1. Does anyone have to prove that a licence or contract was awarded in return for any payment or gift?

No. Any payment offered or received in order to influence a public official is deemed to be a corrupt act under the Prevention of Corruption Acts 1889 to 2010. This includes influencing a public official to give advice, the release of information or the untimely release of information on a public contract or State licence competition. No proof would be needed that any transaction directly secured a state contract or licence for a finding of corruption to be made.

2. Does money have to change hands for a prosecution to take place?

No. Sufficient evidence of an offer of any gift or advantage in an attempt to influence a public official is grounds for prosecution. Offering an advantage for ‘services to be rendered’ or an attempt to pay a ‘kickback’ to a public official for ‘services already rendered’ is also an offence.

3. Does a public official have to benefit directly from a bribe or attempted bribe?

No. It is sufficient that any person is offered a bribe once the purpose of the bribe is to influence the conduct of a public official. A bribe may be any payment or advantage, such as a loan, job offer or insider information. A political party, a business or consultancy may also be regarded as an ‘agent’ under the terms of the Prevention of Corruption Acts.

4. Must a conviction of corruption be secured before the proceeds of a corrupt transaction can be seized?

No. Under the Proceeds of Crime (Amendment) Act 2005 the High Court can order that the proceeds of any crime including corruption be frozen or seized by the State. The order is made after the court has ruled, on the balance of probabilities, that a corrupt transaction led to the enrichment of an individual or organisation.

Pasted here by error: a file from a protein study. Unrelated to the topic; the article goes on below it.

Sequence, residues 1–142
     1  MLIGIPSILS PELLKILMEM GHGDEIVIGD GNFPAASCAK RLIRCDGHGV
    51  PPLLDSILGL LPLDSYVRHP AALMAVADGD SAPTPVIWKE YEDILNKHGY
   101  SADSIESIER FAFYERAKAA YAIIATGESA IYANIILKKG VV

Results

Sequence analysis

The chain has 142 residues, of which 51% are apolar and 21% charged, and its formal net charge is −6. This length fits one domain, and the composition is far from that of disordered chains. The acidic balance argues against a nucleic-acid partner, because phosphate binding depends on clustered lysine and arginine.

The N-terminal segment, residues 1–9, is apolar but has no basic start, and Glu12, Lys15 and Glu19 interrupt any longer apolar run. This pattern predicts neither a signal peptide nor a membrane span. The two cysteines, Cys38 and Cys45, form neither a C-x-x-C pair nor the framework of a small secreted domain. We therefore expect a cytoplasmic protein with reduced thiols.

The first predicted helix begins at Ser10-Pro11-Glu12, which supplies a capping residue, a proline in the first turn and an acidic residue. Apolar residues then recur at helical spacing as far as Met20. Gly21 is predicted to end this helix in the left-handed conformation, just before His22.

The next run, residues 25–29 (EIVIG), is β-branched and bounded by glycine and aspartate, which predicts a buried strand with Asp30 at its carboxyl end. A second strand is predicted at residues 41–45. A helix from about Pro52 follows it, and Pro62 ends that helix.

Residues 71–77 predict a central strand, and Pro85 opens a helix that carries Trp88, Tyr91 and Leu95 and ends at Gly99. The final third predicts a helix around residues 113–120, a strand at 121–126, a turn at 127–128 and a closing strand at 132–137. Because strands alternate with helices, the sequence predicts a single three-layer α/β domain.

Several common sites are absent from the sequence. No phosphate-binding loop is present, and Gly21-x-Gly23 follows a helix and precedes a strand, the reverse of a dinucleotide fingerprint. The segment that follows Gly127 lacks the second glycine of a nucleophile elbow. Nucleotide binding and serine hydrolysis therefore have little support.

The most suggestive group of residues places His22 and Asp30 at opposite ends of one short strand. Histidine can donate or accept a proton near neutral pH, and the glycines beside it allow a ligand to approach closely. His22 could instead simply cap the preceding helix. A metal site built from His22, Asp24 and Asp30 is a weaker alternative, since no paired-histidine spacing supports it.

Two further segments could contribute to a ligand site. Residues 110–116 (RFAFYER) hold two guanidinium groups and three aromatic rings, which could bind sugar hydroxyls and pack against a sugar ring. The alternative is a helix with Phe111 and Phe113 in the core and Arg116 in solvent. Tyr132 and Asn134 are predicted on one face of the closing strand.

5. Is witness testimony required to secure a conviction for corruption?

No witness testimony is required under the Prevention of Corruption Acts, to secure a conviction for corruption. A jury simply needs to be convinced, beyond a reasonable doubt, that corruption has occurred. In some cases financial evidence may be sufficient, in others, witness testimony may be necessary. This is the reason universal ‘whistleblower’ legislation and some form of witness leniency programme are urgently needed.

6. How hard is it to secure a criminal conviction for corruption?

Since 2001, it has been much easier for the authorities to secure a conviction of for corruption than was previously the case. While the burden of proof still rests with the prosecution in corruption cases, a public official may have to show that any hidden payments were not lawfully acquired. If they cannot prove this, the assumption is made that the payment was a corrupt one. Of the eight prosecutions for corruption brought to court since 2003, seven have been successful. It would therefore be wrong to conclude that securing a conviction of corruption is impossible.

7. How corrupt is Ireland?

It is very difficult to say. Ireland is regarded by the international business community as being a relatively clean place to do business. It is currently ranked 14th out of 180 countries on Transparency International’s Corruption Perception Index (CPI). However, the international business community does not seem to have noticed the scale of the problem. According to Transparency’s Global Corruption Barometer, 90 per cent of the Irish public does not believe that the government is doing enough to stop corruption, while 60 per cent believe that levels of corruption in Ireland are rising.

8. What happens next?

The Government has forwarded the final Moriarty Tribunal report to the Director of Public Prosecutions (DPP). However the DPP cannot investigate alleged offences. The Gardaí will have to uncover evidence of wrongdoing again with a fresh investigation into the circumstances surrounding the case. This is because evidence and testimony presented at a Tribunal of Inquiry cannot be used to secure a criminal conviction against a witness in the tribunal. It could take over two years to conclude, however it should be noted that once a corruption-related case is brought to court by the DPP it generally has a very good chance of succeeding.